Chapter 20 - Introduction ClimbingtheWalls A Each animal...

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Chapter 20 Lecture Outline Introduction Climbing the Walls A. Each animal species is an accumulation of different structural and functional adaptations to life in its particular environment. B. This is particularly evident when one studies animals in extreme environments or with unique adaptations such as the gecko (chapter-opening photo). 1. Most vertebrates cannot walk up a wall or on a ceiling, so how does a gecko accomplish this feat? 2. Much discussion went in to speculating how geckos walk on ceilings, but it wasn’t until a team of scientists and engineers examined the feet carefully that the answer became clear. 3. The pictures illustrate specialized structures (setae and spatulae) at the end of each toe that allow the unique walking function. The answer can be found at the molecular level and is due to attractions between a special protein, keratin, and a force called the van der Waals force (see Chapter 3). C. This chapter introduces the unit on animals. Each succeeding chapter examines how animals meet needs such as nutrition, obtainment and distribution of oxygen, response to stimuli, waste removal, movement, and reproduction. D. In this chapter, the general, overall body organization is discussed: cells to tissues to organs to organ systems. I. The Hierarchy of Structural Organization in an Animal Module 20.1 Structure fits function in the animal body. A. Anatomy and physiology are the studies of structure and function, respectively. B. Feathers are dead protein called keratin (just like the keratin at the ends of gecko toes) formed into complex three-dimensional structures by special pits in a bird’s skin. These form airfoils (Figure 20.1). Review: Birds’ feathers are derived from scales (Module 18.20). C. The bones of a bird’s wing are homologous with those of the human arm (Module 13.4) but have been modified for flight. A bird’s bones are reduced in number and motility, allowing the wing to function as a unit, and they are hollow but strongly reinforced, to reduce weight. D. Flight muscles sit below the bird, mostly off the wings, so the wings do not have to work hard to move the weight. This position also provides balance. Module 20.2 Animal structure has a hierarchy. Review: Hierarchy of organization (Module 1.1; Figure 1.1) and cells in Chapter 4. A. In the whole animal, the hierarchy of structure is as follows: cells, tissues, organs, organ systems, organism (Figure 20.2). Each level of complexity reinforces the relationship between form and function.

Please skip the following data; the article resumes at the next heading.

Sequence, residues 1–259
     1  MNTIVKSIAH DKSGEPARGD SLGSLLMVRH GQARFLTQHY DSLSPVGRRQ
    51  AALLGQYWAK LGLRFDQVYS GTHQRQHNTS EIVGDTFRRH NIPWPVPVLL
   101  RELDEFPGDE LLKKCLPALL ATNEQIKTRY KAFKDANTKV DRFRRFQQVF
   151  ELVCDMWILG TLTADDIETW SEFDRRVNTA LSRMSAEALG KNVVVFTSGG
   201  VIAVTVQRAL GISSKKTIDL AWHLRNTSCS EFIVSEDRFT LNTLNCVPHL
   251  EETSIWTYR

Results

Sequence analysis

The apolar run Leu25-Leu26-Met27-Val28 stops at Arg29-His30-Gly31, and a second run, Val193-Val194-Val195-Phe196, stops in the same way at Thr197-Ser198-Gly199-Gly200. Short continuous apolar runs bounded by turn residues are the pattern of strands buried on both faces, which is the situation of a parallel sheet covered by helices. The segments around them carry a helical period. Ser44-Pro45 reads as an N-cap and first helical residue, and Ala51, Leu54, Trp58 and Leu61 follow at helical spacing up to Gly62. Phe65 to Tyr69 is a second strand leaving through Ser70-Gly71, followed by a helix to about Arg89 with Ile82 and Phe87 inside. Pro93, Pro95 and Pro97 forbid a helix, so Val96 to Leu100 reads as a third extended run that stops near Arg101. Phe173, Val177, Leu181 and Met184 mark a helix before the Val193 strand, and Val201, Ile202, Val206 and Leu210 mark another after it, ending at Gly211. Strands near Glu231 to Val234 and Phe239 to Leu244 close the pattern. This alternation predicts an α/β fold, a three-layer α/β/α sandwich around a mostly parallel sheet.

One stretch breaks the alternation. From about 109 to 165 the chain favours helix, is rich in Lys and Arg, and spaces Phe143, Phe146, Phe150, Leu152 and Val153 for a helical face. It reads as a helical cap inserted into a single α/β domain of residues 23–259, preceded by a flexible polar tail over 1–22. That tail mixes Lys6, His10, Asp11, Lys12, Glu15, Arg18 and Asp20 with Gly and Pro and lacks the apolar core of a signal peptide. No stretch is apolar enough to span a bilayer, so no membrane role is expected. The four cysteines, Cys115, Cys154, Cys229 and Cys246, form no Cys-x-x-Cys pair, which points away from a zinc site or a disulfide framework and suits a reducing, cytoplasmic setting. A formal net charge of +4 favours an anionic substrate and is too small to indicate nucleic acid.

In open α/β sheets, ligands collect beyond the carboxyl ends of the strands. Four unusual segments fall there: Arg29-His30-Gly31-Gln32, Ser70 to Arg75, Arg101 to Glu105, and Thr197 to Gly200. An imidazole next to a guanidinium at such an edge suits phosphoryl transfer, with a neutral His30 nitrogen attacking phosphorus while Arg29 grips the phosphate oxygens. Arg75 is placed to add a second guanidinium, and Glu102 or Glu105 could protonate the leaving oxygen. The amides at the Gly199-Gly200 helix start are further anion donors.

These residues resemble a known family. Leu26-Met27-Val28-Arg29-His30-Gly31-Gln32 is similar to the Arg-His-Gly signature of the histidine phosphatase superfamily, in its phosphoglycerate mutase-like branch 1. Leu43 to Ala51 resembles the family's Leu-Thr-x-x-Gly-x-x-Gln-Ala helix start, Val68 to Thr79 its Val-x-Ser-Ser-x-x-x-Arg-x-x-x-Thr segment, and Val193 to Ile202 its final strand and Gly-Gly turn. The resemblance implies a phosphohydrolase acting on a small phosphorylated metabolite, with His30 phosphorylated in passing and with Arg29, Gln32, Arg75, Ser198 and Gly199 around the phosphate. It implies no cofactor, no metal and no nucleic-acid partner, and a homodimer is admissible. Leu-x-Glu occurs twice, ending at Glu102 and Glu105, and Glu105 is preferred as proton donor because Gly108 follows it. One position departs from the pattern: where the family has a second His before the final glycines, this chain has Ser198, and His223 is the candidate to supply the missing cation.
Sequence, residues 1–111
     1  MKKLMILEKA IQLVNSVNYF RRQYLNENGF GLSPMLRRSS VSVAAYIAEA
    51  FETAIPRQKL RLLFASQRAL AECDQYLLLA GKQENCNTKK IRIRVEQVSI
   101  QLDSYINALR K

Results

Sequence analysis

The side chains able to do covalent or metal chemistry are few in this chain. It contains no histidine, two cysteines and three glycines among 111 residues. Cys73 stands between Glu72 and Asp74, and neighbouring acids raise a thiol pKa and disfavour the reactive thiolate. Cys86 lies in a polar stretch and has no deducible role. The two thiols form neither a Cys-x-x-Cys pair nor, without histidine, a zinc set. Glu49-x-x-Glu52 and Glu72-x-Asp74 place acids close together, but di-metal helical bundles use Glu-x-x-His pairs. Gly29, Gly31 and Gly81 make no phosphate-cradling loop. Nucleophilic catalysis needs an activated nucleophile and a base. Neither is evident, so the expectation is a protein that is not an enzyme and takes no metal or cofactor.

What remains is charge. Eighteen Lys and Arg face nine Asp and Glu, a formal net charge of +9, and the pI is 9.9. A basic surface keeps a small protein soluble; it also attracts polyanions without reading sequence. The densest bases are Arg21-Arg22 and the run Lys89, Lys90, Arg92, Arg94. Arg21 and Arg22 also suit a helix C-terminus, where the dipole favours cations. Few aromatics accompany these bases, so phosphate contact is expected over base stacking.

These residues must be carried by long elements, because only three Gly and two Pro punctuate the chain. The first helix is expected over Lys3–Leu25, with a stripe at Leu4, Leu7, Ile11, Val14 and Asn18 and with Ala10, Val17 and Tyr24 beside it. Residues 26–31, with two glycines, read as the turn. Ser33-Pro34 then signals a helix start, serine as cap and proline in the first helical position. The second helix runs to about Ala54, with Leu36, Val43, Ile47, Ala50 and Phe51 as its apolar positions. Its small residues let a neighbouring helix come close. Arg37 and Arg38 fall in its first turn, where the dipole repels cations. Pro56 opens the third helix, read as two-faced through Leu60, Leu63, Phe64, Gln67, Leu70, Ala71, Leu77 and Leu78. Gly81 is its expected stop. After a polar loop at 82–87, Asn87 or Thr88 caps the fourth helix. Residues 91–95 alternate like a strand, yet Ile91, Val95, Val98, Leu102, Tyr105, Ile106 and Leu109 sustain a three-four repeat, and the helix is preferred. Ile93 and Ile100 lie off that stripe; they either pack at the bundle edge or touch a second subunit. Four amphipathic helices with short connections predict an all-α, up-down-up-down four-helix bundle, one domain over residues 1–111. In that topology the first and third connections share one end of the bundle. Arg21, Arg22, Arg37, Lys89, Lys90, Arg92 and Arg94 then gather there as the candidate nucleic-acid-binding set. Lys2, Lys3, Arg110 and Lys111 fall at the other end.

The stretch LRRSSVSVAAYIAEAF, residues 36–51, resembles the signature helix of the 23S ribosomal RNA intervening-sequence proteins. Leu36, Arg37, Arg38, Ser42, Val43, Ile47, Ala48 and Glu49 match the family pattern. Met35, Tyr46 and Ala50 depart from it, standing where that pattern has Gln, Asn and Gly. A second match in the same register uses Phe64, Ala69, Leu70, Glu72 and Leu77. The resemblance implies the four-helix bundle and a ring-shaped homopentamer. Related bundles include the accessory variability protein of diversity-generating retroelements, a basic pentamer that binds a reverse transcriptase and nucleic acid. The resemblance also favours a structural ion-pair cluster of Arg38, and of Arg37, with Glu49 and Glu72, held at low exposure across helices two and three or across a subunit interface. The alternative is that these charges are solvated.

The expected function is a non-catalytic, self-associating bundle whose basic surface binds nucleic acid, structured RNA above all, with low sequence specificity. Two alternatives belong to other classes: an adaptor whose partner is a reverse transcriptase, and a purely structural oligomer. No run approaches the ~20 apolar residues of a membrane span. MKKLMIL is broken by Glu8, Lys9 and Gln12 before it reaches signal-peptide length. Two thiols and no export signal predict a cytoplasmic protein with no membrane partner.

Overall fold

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B. A cell is the smallest living unit of life that can live independently or collectively (Figure 20.2A). C. A tissue is a cooperating group of similar cells all performing a specialized function (Figure 20.2B). D.
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Chapter 20 - Introduction ClimbingtheWalls A Each animal...

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